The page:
XXUse of this drug may not be allowed in certain animal competitions. Check rules and regulations before entering your animal in a competition while this medication is being administered.

If you have any other questions or concerns about this medica- tion, contact your veterinarian or pharmacist.

©2017 PharmaVet, Inc. ALL RIGHTS RESERVED. Plumb’s® Veterinary Medication Guides have not been reviewed by FDA Center for Veterinary Medicine.

Praziquantel with Pyrantel Pamoate and Febantel (Dogs)

(pra-zi-kwon-tel with pi-ran-tel pam-oh-ate and feh-ban-tel)
Category: Antiparasitic
Other Names for this Medication: Drontal® Plus
Common Dosage Forms: Veterinary: Tablets & chewable tablets for Dogs: Praziquantel/Pyrantel Pamoate/Febantel: 22.7mg/22.7mg/113.4mg, 68mg/68mg/340.2 mg, & 136mg/136mg/680.4 mg.Human: None.

This information sheet does not contain all available information for this medication. It is to help answer commonly asked questions and help you give the medication safely and

effectively to your animal. If you have other questions or need more information about this medication, contact your veterinarian or pharmacist.

Key Information

X Combination oral dewormer for dogs that is effective for roundworms, hookworms, whipworms, and tapeworms.

X May give with or without food. Can be crushed and mixed into food. Do not withhold food after dosing.

X Usually tolerated well by dogs. Vomiting or loose stools (diarrhea) are possible.

X Dead worms not typically seen in feces after treatment.

How is this medication useful?

Combination products that contain praziquantel, pyrantel pa- moate, and febantel are used in dogs to control roundworms, hookworms, whipworms, and tapeworms.

The FDA (U.S. Food & Drug Administration) has approved this drug combination for use in dogs. The FDA does allow veterinarians to prescribe and use this product in different species or for other con- ditions in certain situations. You and your veterinarian can discuss why this drug is the most appropriate choice.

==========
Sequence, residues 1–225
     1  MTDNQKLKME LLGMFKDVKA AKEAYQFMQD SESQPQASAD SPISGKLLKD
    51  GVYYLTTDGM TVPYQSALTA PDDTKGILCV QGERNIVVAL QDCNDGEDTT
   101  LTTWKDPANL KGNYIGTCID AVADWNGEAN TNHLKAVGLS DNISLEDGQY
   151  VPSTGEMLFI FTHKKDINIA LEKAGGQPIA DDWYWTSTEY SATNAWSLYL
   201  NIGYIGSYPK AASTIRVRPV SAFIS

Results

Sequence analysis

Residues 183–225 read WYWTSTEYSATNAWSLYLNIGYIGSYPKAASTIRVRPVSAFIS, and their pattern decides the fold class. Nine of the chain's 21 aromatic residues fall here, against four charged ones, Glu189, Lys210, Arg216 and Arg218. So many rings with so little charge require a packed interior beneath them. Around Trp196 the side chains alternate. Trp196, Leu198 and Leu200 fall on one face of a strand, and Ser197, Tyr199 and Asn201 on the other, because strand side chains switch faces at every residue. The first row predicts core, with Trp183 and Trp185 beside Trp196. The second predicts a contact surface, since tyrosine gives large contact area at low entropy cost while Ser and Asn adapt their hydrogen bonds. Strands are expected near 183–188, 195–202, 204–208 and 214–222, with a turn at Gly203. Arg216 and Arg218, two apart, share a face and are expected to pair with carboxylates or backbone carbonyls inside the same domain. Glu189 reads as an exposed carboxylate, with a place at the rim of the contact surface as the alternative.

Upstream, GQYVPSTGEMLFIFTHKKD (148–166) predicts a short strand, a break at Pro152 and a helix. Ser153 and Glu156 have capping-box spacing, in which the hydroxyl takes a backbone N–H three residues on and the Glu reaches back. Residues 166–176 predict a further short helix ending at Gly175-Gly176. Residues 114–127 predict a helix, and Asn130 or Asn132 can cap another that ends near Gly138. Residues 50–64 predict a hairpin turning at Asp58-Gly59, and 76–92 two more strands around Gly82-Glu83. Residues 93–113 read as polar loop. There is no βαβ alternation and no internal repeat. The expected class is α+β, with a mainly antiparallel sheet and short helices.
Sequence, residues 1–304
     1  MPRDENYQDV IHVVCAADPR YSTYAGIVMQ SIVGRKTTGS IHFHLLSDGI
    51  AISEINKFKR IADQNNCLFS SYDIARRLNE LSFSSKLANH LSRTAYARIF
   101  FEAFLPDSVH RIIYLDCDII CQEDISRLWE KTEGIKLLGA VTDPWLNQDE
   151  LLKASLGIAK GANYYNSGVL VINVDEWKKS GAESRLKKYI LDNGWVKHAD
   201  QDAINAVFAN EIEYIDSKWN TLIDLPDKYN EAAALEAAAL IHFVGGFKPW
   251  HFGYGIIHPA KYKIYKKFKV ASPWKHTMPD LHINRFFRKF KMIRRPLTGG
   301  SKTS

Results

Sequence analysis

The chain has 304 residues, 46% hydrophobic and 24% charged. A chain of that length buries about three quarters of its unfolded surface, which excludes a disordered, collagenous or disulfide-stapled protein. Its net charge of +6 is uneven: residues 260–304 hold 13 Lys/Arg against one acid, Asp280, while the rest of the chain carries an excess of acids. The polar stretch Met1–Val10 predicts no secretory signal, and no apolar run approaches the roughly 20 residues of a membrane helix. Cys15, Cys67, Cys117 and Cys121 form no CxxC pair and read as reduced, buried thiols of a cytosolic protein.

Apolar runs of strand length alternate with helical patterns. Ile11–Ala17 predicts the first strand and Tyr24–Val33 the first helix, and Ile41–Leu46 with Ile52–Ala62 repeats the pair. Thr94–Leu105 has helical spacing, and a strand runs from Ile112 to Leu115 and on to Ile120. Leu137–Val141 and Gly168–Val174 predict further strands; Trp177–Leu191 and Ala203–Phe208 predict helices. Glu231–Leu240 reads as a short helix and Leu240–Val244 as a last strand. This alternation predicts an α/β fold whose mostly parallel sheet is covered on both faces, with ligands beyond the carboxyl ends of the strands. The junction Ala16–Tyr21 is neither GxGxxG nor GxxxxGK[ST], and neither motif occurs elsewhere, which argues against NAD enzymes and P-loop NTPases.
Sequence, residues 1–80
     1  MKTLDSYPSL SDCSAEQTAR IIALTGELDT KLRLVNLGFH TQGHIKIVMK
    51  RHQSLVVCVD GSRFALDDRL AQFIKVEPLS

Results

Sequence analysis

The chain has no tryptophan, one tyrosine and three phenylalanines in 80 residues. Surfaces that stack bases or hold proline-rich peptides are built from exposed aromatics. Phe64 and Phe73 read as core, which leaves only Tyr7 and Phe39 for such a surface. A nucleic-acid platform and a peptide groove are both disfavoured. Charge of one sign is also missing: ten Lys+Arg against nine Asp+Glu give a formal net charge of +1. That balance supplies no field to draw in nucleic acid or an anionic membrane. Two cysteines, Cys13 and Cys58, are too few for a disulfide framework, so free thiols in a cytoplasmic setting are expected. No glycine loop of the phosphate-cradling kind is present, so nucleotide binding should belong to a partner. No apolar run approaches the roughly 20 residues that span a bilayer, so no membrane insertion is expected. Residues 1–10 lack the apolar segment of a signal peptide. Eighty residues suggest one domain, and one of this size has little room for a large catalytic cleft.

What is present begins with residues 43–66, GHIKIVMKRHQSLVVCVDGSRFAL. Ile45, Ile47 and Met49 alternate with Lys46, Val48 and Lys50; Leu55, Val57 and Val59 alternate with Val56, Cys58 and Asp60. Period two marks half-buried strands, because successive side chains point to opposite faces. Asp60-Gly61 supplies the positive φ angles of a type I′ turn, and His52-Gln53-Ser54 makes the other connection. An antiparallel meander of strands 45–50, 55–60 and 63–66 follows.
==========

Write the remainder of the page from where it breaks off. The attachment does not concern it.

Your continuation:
What should I tell my veterinarian to see if this medication can be safely given?

Many things can affect the way this drug combination will work in your animal. Be sure to discuss the following with your veterinarian so together you can make the best treatment decisions.

XXOther drugs can affect the way these drugs work, so be sure
to tell your veterinarian and pharmacist what medications (including vitamins, supplements, or herbal therapies) you give your animal, including the amount and time you give each.

XXTell your veterinarian about any conditions or diseases your pet may have now or has had in the past.

XXIf your animal has been treated for the same disease or condition in the past, tell your veterinarian about the treatment and how well it did or didn’t work.

XXIf your animal is pregnant or nursing, talk to your veterinarian about the risks of using this drug.

XXTell your veterinarian and pharmacist about any medication side effects (including allergic reactions, lack of appetite, diarrhea, itching, hair loss) your pet has developed in the past.

When should this medication not be used or be used very carefully?

No drug is 100% safe in all patients, but your veterinarian will discuss with you any specific concerns about using this drug in your animal.

This drug SHOULD NOT be used in:
XXAnimals that are allergic to praziquantel, pyrantel pamoate, or

febantel.

XXCats. Febantel is not as well tolerated in cats and the amount of pyrantel in the product is not enough to effectively treat cats for intestinal parasites.

XXAnimals that are pregnant.
If your pet has any of these conditions or signs, talk to your veteri-

narian about the potential risks versus benefits.